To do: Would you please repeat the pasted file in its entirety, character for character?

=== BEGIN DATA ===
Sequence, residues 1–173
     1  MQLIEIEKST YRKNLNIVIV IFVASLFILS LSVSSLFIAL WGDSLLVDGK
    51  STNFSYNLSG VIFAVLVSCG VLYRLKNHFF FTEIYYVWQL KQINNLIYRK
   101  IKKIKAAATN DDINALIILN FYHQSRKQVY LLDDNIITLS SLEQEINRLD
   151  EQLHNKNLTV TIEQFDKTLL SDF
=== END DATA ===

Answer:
Sequence, residues 1–173
     1  MQLIEIEKST YRKNLNIVIV IFVASLFILS LSVSSLFIAL WGDSLLVDGK
    51  STNFSYNLSG VIFAVLVSCG VLYRLKNHFF FTEIYYVWQL KQINNLIYRK
   101  IKKIKAAATN DDINALIILN FYHQSRKQVY LLDDNIITLS SLEQEINRLD
   151  EQLHNKNLTV TIEQFDKTLL SDF